Eliminemos esto con una implementación simple de gráfico no ponderado y no dirigido usando una lista de adyacencia . Mantendremos un objeto (adjacencyList) que contendrá todos los vértices de nuestro gráfico como claves. Los valores serán una matriz de todos los vértices adyacentes. En el siguiente ejemplo, el vértice 1 está conectado a los vértices 2 y 4, por lo tanto adjacencyList: {1: [2, 4]} y así sucesivamente para los otros vértices.

Para construir el gráfico, tenemos dos funciones: addVertex y addEdge . addVertex se usa para agregar un vértice a la lista. addEdge se usa para conectar los vértices agregando los vértices vecinos a los arreglos de origen y destino, ya que este es un gráfico no dirigido. Para hacer un gráfico dirigido, simplemente podemos eliminar las líneas 14-16 y 18 en el código siguiente.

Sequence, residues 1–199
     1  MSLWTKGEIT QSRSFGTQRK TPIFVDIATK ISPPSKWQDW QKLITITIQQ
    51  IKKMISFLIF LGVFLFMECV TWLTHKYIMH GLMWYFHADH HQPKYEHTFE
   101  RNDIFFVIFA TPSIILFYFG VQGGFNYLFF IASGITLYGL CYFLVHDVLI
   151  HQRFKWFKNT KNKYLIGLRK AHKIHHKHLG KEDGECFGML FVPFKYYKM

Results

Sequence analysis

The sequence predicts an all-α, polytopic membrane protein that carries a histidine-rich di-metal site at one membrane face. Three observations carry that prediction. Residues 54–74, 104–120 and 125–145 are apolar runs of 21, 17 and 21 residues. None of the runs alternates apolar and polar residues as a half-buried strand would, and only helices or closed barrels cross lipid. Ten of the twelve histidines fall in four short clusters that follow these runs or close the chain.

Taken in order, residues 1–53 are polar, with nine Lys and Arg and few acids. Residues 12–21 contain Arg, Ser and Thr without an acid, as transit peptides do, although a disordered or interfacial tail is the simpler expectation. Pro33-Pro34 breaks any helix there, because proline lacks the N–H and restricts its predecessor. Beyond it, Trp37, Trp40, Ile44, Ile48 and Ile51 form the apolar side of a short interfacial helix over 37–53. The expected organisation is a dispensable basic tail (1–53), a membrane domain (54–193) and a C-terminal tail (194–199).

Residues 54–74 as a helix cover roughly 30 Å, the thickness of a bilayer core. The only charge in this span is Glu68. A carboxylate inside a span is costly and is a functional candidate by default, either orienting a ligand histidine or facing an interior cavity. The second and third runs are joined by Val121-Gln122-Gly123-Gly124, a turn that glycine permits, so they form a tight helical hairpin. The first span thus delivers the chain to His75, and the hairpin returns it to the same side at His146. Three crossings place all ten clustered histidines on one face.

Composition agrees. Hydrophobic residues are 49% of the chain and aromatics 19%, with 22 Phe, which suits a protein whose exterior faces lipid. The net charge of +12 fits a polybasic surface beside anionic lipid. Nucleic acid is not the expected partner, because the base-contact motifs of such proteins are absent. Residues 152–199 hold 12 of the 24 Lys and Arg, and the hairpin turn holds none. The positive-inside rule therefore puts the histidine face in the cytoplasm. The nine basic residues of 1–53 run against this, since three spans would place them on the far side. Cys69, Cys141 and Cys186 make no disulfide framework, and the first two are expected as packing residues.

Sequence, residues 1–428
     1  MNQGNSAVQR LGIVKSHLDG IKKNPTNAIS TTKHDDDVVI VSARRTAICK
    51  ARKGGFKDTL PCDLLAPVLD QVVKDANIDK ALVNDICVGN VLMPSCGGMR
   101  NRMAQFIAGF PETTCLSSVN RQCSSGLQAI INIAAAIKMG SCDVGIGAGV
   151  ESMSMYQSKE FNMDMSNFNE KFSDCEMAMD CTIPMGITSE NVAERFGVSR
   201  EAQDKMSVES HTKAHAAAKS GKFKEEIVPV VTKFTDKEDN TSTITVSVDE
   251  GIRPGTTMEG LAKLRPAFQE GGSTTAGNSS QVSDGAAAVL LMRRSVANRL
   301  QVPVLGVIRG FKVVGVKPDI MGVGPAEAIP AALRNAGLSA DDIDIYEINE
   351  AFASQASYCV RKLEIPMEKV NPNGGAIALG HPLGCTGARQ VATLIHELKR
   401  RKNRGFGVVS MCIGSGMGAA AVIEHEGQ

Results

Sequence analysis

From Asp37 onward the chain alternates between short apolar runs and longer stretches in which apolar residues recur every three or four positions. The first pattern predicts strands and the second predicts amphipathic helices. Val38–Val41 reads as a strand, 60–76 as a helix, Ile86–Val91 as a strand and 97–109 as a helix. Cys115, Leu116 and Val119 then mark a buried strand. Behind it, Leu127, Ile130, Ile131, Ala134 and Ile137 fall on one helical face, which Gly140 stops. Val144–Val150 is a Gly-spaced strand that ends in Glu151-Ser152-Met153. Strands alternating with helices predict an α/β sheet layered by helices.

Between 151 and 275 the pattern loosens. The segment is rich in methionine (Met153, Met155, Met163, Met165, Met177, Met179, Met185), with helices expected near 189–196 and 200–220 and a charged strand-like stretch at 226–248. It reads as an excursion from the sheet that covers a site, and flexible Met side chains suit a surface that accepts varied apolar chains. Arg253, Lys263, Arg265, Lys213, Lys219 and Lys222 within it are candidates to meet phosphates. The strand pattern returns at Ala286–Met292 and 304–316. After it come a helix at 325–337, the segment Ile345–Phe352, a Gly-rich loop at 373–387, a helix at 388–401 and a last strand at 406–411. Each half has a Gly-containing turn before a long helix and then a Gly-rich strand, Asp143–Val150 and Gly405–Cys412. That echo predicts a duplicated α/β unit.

Antes de eliminar un vértice, debemos iterar a través de la matriz de vértices vecinos y eliminar todas las conexiones posibles a ese vértice.

class Graph { constructor() { this.adjacencyList = {}; } addVertex(vertex) { if (!this.adjacencyList[vertex]) { this.adjacencyList[vertex] = []; } } addEdge(source, destination) { if (!this.adjacencyList[source]) { this.addVertex(source); } if (!this.adjacencyList[destination]) { this.addVertex(destination); } this.adjacencyList[source].push(destination); this.adjacencyList[destination].push(source); } removeEdge(source, destination) { this.adjacencyList[source] = this.adjacencyList[source].filter(vertex => vertex !== destination); this.adjacencyList[destination] = this.adjacencyList[destination].filter(vertex => vertex !== source); } removeVertex(vertex) { while (this.adjacencyList[vertex]) { const adjacentVertex = this.adjacencyList[vertex].pop(); this.removeEdge(vertex, adjacentVertex); } delete this.adjacencyList[vertex]; } }